Both Sides Stake All at Verdun.
A Surprise German Attack Quickly Deadlocked.
Special to The Great War Project.
(4-7 March) The murderous battle on the Western Front for Verdun is now more than two weeks old, and the fighting is fierce. The Germans appear to have the upper hand.
Their goal at Verdun is now clear. It is designed “as part of a massive effort to win the war in 1916,” writes historian Michael Neiberg.
The German command launches the offensive to seize Verdun in February “in order to forestall whatever plans the Allies had for the year ahead.”
Some Allied commanders “had predicted a German attack on Verdun,” reports Neiberg, but the offensive catches the French by surprise.
Germany’s top general, Erich von Falkhenhayn, argues for a parallel action at sea – a resumption of unrestricted submarine warfare. It’s part of an effort “to pressure Britain into coming to the peace table with or without France.”
Verdun is the target because, according to Neiberg, “the Germans could more easily dominate the logistical lines….than could the French.”
Falkenhayn “hoped to bait the French into a battle on ground favorable to Germany.”
Very soon, both sides feed “all their resources into a battle whose symbolic value became greater than its military importance.”
“The German attack was unprecedented in its firepower,” writes Neiberg. “They unleashed the most powerful artillery assault in history.”
In the first six days of the battle, “the Germans fired more than two million shells, some of them filled with poison gas.”
They fire another two million by this time, a century ago.
Actually the battle for Verdun, which sits on both sides of the River Meuse, amounts to numerous smaller but no less ferocious, battles for the towns, villages, and forts north of the Meuse.
Early in the campaign, when German troops seize an ancient fort at Douaumont, north of the river, “the exhaustion of the French defenders,” reports Neiberg, “seemed to augur a collapse in the region,” and French commanders are prepared to abandon one bank of the river.”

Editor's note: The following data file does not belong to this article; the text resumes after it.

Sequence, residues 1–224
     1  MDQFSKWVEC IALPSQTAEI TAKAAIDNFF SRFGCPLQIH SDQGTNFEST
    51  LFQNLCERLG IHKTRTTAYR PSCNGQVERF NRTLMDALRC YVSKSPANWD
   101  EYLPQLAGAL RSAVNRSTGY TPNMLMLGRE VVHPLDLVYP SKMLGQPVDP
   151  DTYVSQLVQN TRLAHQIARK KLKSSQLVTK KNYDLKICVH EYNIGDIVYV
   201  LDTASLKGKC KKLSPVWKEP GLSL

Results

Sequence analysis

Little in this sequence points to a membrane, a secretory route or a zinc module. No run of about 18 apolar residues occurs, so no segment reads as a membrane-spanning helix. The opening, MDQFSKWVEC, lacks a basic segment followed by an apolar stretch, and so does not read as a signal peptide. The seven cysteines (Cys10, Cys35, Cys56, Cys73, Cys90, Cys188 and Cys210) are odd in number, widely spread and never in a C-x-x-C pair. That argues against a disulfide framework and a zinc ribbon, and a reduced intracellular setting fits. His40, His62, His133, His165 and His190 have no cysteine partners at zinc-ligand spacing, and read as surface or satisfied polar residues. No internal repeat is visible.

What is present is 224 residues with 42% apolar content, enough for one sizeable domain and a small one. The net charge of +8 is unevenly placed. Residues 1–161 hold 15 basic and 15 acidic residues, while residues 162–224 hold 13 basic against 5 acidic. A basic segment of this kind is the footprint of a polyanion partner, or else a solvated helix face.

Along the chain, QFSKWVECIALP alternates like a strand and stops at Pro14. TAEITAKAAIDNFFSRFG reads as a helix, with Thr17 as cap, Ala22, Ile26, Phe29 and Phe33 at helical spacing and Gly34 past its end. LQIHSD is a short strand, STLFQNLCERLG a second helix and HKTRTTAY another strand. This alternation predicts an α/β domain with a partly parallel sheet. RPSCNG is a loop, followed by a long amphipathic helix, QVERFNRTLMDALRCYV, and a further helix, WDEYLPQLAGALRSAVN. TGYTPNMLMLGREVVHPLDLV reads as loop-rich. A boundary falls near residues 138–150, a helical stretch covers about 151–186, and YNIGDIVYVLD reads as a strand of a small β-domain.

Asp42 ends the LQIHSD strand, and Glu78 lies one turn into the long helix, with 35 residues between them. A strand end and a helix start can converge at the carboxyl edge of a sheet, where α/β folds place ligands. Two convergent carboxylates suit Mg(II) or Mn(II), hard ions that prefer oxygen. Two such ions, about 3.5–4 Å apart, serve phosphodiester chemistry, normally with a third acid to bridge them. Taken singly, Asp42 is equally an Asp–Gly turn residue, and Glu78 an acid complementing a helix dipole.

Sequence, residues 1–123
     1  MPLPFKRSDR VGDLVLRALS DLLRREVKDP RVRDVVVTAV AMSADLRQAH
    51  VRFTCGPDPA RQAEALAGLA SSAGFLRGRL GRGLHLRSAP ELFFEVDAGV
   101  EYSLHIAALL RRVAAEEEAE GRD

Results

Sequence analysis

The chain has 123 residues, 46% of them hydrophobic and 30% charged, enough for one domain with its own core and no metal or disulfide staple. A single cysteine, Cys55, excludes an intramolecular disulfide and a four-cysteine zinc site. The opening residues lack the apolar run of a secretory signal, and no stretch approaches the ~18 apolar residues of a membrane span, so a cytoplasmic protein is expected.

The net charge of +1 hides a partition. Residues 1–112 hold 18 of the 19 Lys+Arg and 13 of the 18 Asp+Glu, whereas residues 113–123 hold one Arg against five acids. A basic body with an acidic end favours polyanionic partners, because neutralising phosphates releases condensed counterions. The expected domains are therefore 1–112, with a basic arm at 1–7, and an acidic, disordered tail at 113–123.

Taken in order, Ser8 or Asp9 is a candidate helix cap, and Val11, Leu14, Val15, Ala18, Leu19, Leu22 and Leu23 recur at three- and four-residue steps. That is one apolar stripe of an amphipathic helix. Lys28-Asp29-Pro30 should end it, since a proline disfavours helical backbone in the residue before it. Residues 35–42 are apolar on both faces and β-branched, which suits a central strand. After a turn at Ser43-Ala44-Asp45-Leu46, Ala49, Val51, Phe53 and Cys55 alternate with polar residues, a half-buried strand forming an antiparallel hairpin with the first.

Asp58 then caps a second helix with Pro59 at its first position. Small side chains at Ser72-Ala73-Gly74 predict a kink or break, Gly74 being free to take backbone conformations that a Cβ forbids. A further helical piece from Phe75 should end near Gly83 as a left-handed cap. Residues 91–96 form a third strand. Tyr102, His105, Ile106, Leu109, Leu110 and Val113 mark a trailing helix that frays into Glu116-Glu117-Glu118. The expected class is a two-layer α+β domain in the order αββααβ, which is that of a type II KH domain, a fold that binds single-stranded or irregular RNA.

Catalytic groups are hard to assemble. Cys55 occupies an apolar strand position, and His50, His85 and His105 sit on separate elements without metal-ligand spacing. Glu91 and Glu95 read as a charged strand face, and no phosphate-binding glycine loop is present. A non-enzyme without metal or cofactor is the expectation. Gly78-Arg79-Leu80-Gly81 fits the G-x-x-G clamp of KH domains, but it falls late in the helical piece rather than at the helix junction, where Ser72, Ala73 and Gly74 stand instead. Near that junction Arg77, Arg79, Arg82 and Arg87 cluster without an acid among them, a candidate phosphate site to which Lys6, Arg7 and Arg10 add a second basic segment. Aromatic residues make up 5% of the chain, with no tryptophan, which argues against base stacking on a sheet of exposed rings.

But they do not. They do not let the Germans pass.
On this day a century ago, “during a driving snowstorm,” reports historian Martin Gilbert, “the Germans launched an attack on the high ground of Mort-Homme,” north of Verdun. Many of the shells launched by the French fail to explode in the soft swampy ground.
Twelve hundred French soldiers surrender. One French general threatens to turn his machine guns on any of his men who retreat further.
Thousands more French soldiers are killed, reports Gilbert, at the fort in the village of Vaux. This village changes hands thirteen times during the month of March, a century ago.
The Verdun battle quickly turns into another bloody stalemate.
It will become the longest battle of the First World War.
“We still lack exact casualty figures from the battle,” concludes historian Michael Neiberg. “Estimates of French casualties range from 300,000 to 500,000 men, with approximately 150,000 of those killed in action.’
“German casualties were probably slightly lower, but still between 280,000 to 430,000 men.”
“In the end (the battle for Verdun lasts until December) the lines remained almost exactly where they had been at the start.”